Publication Date

2019

Abstract

Young adults in Australia, and in many other advanced countries, are more likely to be highly educated but less likely to be in full-time employment than their parents were. Although insecure employment has long been a feature of labour markets, increased labour flexibility in recent decades has resulted in insecure employment becoming entrenched. In this article, we draw on data from young people in their early twenties to examine the interrelationships between work and life. Although we focus on the association between precarious employment and sense of personal control, we also examine the interrelationships between sense of personal control, education, relationships and health. Rather than experiencing a short period of insecure employment before transitioning into permanent jobs, young people now experience a ‘new adulthood’ characterised by extended periods of insecurity, undermining their sense of personal control. Our aim is to identify what it takes to make a secure, healthy and meaningful life.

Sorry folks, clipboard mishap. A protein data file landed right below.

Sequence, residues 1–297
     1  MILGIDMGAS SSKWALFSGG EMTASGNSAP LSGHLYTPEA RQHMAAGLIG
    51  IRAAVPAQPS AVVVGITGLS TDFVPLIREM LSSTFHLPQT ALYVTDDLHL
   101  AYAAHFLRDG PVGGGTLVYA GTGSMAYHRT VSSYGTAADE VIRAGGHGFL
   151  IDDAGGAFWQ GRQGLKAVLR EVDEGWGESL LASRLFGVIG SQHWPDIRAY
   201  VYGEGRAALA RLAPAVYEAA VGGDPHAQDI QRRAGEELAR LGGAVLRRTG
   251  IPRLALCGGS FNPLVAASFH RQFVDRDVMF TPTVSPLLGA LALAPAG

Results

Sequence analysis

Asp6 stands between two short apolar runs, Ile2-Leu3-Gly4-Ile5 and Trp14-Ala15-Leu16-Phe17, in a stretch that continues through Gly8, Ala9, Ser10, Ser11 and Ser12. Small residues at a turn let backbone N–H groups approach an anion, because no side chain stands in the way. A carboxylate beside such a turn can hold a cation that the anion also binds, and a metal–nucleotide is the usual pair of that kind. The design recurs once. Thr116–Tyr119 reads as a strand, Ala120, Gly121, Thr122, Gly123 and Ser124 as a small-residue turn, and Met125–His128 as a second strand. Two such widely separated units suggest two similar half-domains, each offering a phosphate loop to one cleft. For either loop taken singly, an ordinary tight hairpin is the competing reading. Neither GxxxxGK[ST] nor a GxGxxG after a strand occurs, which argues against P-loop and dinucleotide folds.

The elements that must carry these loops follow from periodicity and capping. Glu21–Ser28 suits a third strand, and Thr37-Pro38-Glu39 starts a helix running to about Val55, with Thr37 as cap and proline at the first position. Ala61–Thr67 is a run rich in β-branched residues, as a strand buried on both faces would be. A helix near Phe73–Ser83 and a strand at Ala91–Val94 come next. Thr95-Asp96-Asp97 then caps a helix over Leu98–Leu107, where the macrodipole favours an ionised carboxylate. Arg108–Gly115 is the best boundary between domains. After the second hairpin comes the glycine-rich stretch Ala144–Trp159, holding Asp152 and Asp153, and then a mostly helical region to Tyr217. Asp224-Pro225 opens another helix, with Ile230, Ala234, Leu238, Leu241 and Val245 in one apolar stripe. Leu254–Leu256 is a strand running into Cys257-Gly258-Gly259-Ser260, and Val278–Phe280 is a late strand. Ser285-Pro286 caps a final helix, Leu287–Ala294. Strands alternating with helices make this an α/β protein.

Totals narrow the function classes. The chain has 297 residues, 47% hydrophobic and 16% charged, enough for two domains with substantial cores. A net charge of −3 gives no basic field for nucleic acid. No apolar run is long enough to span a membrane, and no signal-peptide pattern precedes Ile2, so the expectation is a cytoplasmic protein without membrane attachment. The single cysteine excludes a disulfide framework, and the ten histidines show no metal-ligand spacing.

School/Institute

School of Arts

Document Type

Journal Article

Access Rights

ERA Access

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